The symbols are not readable? I wrote it all in Word; you mean to paste pictures of the symbols?

MOESAN
10-02-12, 21:07
You have a point: see the article "Dutch phonology" at Wikipedia for the <w>; in Standard Dutch, ABOVE the rivers (Waal,Maas (Meuse)), it certainly is mostly a labiodental approximant; note, it is a labiodental APPROXIMANT, which is not a /v/ (labiodental FRICATIVE) nor a /w/. In the south, below rivers, and so in Belgium, you're right, there it is a bilabial approximant. That would suit the name even better, because it is from Ieper (Ypres).


OK now I can read you phonetic symbols - thanks
I will not dispute with you about pronounciation because I am not native speaker (not speaker at all, I just learned a bit dutch some years ago but I had tape recorders at this time (no more) - but as I am interested in all sorts of dialects, I know there are some variations in pronounciation (when hearing dutch speakers of different parts of the Netherlands, a foreigner like me has sometimes the impression of people from different germanic countries!!!)- I believed that the 'a' was mor in the back very often in colloquial dutch and flemish -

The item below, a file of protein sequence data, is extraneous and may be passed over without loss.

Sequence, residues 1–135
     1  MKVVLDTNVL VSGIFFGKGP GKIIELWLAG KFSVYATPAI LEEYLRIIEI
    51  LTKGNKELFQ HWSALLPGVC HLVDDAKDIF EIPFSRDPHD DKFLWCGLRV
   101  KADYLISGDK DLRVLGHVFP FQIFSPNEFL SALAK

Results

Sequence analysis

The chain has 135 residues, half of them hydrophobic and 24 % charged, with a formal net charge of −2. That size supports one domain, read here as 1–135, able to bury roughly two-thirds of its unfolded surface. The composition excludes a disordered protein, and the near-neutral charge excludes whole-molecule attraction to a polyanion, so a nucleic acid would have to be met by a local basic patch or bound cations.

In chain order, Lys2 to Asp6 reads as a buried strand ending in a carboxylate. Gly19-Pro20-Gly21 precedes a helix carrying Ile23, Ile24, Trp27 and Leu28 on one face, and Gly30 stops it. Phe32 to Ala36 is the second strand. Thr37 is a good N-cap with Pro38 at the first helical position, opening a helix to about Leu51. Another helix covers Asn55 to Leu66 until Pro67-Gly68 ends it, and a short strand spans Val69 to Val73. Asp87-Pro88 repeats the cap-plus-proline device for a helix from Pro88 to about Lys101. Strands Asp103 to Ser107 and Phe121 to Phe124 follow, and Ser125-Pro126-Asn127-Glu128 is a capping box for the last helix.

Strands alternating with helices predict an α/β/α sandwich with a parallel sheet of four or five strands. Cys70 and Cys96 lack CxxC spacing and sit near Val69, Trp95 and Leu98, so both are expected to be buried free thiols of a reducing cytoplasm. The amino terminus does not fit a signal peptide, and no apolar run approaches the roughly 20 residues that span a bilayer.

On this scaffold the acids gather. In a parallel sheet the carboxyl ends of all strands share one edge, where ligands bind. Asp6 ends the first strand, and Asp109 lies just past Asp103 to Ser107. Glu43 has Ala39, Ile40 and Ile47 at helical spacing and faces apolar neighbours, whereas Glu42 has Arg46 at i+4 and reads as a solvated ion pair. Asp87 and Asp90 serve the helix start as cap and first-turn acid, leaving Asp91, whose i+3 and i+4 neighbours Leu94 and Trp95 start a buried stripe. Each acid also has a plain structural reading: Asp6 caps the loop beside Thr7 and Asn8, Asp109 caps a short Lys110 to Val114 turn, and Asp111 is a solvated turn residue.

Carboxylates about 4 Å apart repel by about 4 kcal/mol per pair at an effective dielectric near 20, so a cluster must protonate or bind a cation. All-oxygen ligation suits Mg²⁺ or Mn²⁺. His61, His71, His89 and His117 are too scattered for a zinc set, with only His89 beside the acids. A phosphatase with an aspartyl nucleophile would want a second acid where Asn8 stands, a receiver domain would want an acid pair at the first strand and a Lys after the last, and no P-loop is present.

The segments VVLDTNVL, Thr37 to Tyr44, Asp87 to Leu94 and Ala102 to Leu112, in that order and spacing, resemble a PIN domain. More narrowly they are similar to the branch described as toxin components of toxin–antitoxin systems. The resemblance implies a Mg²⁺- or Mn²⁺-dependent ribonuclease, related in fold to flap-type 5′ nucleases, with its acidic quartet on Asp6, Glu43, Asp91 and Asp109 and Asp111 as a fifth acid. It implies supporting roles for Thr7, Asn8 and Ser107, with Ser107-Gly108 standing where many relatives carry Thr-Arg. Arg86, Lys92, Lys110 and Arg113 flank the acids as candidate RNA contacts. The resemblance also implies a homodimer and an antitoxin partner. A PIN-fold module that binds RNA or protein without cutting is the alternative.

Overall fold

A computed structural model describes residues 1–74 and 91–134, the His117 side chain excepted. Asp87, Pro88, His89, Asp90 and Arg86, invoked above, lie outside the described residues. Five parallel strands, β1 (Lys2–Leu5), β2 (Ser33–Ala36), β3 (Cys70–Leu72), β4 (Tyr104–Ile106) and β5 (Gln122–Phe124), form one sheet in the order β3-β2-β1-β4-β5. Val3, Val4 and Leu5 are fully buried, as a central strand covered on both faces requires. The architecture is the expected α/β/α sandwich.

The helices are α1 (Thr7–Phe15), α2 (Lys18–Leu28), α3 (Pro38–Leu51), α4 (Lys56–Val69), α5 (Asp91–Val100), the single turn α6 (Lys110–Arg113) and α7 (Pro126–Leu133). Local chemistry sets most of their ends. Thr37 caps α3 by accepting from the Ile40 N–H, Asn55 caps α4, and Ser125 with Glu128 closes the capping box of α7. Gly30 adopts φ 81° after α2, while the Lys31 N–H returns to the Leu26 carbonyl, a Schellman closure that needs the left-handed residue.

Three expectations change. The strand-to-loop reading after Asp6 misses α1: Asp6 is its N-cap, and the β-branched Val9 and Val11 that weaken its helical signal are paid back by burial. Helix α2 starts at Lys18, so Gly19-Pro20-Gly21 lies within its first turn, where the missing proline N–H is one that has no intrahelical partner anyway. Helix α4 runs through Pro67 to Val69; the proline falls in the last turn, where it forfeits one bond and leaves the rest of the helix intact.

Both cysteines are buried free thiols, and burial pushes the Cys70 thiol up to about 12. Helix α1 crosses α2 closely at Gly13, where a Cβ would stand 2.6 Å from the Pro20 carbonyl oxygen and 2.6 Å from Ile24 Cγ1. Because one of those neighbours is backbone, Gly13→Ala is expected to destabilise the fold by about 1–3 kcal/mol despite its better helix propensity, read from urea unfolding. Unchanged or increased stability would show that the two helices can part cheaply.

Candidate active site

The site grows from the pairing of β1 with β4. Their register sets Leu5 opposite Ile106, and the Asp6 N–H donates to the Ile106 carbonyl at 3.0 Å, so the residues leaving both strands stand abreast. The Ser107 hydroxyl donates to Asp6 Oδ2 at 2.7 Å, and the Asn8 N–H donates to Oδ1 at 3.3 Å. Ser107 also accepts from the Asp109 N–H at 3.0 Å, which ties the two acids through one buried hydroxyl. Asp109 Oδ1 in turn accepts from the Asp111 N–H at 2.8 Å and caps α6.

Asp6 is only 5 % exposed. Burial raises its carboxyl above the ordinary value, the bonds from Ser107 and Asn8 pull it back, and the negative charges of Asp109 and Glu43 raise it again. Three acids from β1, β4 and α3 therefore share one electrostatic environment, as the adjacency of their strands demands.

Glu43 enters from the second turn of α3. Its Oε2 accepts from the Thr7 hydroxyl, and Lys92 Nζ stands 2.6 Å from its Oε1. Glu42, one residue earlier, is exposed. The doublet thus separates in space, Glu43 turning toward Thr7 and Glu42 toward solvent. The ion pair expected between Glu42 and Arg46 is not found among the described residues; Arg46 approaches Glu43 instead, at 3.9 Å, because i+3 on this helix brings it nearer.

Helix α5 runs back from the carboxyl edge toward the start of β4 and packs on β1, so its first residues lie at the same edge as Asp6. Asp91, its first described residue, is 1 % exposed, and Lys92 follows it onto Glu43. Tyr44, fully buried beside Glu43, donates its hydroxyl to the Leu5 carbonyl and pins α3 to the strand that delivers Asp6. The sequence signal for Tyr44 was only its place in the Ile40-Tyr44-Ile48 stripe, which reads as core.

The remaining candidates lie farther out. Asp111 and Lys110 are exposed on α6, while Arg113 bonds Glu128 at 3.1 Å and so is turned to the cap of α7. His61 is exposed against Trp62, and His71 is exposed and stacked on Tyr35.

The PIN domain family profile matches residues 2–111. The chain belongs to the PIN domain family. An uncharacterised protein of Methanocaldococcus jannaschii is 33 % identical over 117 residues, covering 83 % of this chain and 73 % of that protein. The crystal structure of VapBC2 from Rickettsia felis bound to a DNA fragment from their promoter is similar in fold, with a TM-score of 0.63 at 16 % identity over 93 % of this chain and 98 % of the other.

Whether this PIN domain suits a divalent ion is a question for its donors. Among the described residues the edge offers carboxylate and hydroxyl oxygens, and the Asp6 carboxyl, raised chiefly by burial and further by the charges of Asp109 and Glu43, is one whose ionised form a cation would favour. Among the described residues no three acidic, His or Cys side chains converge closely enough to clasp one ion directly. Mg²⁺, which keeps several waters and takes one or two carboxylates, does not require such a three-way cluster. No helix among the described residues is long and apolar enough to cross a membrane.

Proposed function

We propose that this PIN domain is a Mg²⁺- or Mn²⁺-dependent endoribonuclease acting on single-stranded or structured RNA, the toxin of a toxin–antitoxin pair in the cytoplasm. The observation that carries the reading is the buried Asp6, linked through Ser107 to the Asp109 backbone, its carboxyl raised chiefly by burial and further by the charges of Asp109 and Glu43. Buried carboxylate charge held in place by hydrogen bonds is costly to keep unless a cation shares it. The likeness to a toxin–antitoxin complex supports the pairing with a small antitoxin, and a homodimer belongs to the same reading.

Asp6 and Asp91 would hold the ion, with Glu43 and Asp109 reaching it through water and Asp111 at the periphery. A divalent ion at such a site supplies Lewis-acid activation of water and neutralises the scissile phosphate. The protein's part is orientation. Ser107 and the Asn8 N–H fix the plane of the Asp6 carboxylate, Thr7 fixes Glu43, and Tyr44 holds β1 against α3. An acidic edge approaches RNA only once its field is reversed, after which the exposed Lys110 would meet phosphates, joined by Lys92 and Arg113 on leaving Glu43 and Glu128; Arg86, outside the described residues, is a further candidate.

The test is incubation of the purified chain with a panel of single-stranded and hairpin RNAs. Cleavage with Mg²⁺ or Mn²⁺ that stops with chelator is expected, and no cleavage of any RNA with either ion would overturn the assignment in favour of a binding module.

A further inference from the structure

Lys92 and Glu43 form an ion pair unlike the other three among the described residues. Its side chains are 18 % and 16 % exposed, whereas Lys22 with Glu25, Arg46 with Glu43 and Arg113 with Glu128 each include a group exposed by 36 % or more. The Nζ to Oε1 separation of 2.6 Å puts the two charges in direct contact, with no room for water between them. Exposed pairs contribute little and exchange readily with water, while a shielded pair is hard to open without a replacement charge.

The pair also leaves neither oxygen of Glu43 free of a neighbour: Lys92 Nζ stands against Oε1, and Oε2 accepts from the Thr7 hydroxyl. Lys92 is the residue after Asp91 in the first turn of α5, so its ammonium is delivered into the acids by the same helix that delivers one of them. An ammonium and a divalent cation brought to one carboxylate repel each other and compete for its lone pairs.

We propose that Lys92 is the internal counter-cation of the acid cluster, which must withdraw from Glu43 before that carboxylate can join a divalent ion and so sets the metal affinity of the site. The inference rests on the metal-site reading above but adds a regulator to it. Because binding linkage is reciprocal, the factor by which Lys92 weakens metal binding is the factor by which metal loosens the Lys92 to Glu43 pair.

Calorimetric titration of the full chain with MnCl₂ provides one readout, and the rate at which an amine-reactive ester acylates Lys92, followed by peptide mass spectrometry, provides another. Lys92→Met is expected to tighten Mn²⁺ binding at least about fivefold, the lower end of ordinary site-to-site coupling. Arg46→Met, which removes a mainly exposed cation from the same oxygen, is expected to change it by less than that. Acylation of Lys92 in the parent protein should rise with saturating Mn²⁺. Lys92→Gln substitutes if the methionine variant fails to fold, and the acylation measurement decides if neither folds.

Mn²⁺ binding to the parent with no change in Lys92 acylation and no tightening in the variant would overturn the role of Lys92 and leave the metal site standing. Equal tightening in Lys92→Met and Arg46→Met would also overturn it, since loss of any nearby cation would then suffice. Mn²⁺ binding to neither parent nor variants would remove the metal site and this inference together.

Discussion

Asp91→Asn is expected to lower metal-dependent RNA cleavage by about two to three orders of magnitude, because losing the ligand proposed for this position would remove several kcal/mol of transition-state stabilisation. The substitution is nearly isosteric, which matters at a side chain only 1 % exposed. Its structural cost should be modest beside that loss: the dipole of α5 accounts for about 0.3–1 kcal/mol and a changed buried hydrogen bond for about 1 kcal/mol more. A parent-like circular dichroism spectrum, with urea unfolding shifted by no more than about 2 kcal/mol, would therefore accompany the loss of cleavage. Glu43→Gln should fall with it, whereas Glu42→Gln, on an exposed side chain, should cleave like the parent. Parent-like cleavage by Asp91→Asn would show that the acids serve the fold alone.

I did not hear french flemish (Westhoek) but I red the 'w' there was closer to the well known english 'w' - I don't know if it is true
goeden avond

The symbols are not readable? I wrote it all in Word; you mean to paste pictures of the symbols?


OK as I said

Selwyn Greenfrith
19-04-12, 04:26
That's a variation following the German pattern. Do you know any people named Wagonmaker ? There are Nagelmakers and Schoemakers but never heard of Wagonmakers.

Same with English lastnames: rather than 'Wagonmaker' it's 'Wainwright' as in: Boatwright, Shipwright, Cheesewright, Arkwright...

Selwyn Greenfrith
19-04-12, 04:30
....Wheelwright, Playwright but more oft Blacksmith, Whitesmith, Goldsmith etc

wonder if 'wright' = 'wroughter' ?